MoEDAL, the “magnificent seventh” LHC experiment, held its first Physics Workshop in CERN’s Globe of Science and Innovation on 20 June. This youngest LHC experiment is designed to search for the appearance of new physics signified by highly ionizing particles such as magnetic monopoles and massive long-lived electrically charged particles from a number of theoretical scenarios.
Philippe Bloch of CERN commenced the meeting, stressing CERN’s support for the MoEDAL programme. He spoke of the key role that smaller, well motivated “high-risk” experiments such as MoEDAL play in expanding the physics reach of the LHC and reminded the audience that “one cannot predict with certainty where the next discovery will be made”.
Nobel laureate Gerard ’t Hooft began the morning’s theory talks with a reprise of his work on the monopole in grand unified theories (GUTs), elegantly showing how the beautiful monopole mathematics plays an important role in QCD and other fundamental theories. Arttu Rajantie of Imperial College London deftly recounted the story of “Monopoles from the Cosmos and the LHC”, concentrating on more recent theoretical scenarios, such as that of the electroweak “Cho-Maison” monopole, which are detectable at the LHC because they involve particles that are much lighter than the GUT monopole, with masses in the range 1 TeV/c2.
John Ellis and Nikolaos Mavromatos of King’s College London then changed the emphasis from magnetic to electric charge. Ellis described supersymmetry (SUSY) scenarios with massive stable particles (MSPs), such as sleptons, stops, gluinos and R-hadrons, which should be observable by MoEDAL. Mavromatos characterized the numerous non-SUSY scenarios that could give rise to MSPs, such as D-particles, Q-balls, quirks, doubly charged Higgs etc., all of which MoEDAL could detect.
In the afternoon, Albert de Roeck of CERN and Philippe Mermod of the University of Geneva laid out the significant progress made by CMS and ATLAS, respectively, in the quest for new physics revealed by highly ionizing particles. James Pinfold, of the University of Alberta and MoEDAL spokesperson, made the physics case for MoEDAL. He pointed out how its often-superior sensitivity to monopoles and massive slowly moving charged particles expanded the physics reach of the LHC in a complementary way. The MoEDAL collaboration, with 18 institutes from 10 countries, is still a “David” compared with the LHC “Goliaths” but its potential physics impact is second to none (CERN Courier May 2010 p19).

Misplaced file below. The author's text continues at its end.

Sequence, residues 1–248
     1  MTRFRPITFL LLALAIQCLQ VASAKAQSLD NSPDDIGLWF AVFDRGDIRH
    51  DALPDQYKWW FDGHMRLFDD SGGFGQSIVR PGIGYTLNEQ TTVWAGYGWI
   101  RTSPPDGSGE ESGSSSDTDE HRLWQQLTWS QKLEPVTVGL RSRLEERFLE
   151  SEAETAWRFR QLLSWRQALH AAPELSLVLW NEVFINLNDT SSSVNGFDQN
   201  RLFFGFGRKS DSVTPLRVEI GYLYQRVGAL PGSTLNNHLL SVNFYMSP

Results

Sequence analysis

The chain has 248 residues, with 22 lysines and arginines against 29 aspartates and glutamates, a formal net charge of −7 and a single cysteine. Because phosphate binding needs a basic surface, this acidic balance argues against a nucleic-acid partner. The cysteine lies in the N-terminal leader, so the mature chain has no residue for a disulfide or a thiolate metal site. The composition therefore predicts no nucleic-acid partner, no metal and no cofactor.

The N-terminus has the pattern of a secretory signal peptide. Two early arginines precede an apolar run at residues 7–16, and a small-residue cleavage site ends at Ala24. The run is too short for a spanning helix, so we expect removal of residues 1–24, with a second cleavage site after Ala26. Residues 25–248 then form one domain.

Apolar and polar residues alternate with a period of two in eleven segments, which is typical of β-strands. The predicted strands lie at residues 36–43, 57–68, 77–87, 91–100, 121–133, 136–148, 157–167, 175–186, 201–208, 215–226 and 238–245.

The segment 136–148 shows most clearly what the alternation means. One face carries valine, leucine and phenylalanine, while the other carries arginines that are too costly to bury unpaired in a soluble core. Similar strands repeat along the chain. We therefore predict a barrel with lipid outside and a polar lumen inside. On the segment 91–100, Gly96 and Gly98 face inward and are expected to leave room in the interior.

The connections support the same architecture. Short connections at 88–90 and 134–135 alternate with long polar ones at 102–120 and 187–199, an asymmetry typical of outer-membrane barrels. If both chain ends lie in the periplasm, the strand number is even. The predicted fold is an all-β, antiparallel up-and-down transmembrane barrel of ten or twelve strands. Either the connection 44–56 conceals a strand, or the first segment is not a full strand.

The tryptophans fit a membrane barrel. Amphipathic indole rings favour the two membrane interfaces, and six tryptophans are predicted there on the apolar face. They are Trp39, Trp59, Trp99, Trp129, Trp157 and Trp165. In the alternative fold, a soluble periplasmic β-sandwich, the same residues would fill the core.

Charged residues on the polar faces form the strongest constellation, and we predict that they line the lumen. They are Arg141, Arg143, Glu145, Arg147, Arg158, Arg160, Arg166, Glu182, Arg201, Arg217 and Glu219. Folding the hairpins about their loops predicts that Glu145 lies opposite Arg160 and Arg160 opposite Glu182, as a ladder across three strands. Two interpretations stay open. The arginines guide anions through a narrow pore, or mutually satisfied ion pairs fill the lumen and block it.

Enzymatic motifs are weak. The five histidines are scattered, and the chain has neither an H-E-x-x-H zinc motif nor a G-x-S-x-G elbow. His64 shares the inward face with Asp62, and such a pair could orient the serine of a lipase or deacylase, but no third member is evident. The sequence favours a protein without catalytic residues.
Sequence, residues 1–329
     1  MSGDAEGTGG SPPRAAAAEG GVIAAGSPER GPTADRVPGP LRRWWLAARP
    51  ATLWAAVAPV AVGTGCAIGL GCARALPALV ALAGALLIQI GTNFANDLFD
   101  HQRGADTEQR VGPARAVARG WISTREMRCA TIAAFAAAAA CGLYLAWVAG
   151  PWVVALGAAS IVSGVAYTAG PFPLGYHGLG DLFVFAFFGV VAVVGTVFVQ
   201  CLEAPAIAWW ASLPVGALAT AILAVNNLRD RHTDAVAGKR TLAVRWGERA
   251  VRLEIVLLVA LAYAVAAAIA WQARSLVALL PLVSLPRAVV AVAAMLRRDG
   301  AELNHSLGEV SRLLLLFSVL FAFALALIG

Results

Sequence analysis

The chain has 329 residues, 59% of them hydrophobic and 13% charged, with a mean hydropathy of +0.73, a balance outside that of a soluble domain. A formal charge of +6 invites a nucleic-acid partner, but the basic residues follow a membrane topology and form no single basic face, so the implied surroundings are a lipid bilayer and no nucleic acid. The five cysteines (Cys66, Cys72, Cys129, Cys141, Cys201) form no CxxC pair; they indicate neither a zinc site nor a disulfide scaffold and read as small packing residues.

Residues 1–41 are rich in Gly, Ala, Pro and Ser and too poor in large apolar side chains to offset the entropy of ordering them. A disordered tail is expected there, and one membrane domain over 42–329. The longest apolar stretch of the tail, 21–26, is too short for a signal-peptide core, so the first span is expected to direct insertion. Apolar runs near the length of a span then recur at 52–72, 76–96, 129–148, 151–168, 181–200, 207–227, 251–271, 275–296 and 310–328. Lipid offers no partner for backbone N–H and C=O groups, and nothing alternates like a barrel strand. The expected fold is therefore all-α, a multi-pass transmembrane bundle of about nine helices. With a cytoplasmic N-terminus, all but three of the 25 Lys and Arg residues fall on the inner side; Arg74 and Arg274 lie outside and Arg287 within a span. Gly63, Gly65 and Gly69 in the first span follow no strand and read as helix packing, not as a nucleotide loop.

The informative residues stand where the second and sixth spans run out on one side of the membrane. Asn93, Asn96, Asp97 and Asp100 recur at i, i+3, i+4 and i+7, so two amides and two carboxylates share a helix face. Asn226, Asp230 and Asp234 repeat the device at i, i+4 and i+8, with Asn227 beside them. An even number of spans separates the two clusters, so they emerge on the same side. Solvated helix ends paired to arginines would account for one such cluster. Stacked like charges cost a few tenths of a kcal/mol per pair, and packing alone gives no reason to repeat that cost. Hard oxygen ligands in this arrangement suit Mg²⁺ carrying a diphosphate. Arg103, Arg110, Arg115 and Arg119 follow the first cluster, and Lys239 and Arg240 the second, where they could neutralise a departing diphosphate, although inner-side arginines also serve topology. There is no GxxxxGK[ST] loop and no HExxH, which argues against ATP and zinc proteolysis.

No workshop dealing with magnetic monopoles would be complete without an account of the search for cosmic monopoles. The two main experiments in this arena – MACRO, installed underground at the Gran Sasso National Laboratory in Italy, and the SLIM experiment, at the high-altitude Mount Chacaltaya Laboratory in Bolivia – were presented by Zouleikha Sahnoun of the SLIM collaboration. These two experiments still have the world’s best limits for GUT and intermediate-mass monopoles. Returning to Earth, David Milstead of Stockholm University described a project to search for trapped monopoles at the LHC. Importantly, this initiative is complementary to that of both MoEDAL and the main LHC experiments.
Why has the monopole not been seen in previous searches at accelerators? Vincete Vento of the University of Valencia offered an ingenious explanation. Monopoles are hiding in monopolium, a bound state of a monopole and an antimonopole, a suggestion that Paul Dirac made in his 1931 paper. Vento went on to describe a couple of ways that MoEDAL might detect monopolium.
In the last talk of the workshop, John Swain of Northeastern University presented the remarkable speculation that at the LHC the neutral Higgs boson could predominantly decay into a nucleus–antinucleus pair. He sketched, and nimbly defended, a theoretical justification for this surprising suggestion. Certainly, such a decay mode would be easily detectable by MoEDAL.
The clear message of the workshop is that MoEDAL has a potentially revolutionary physics programme aimed exclusively at the search for new physics, with the minimum of theoretical prejudices and the maximum exploitation of experimental search techniques. After all, in the words of J B S Haldane: “… the universe is not only queerer than we suppose, but queerer than we can suppose.”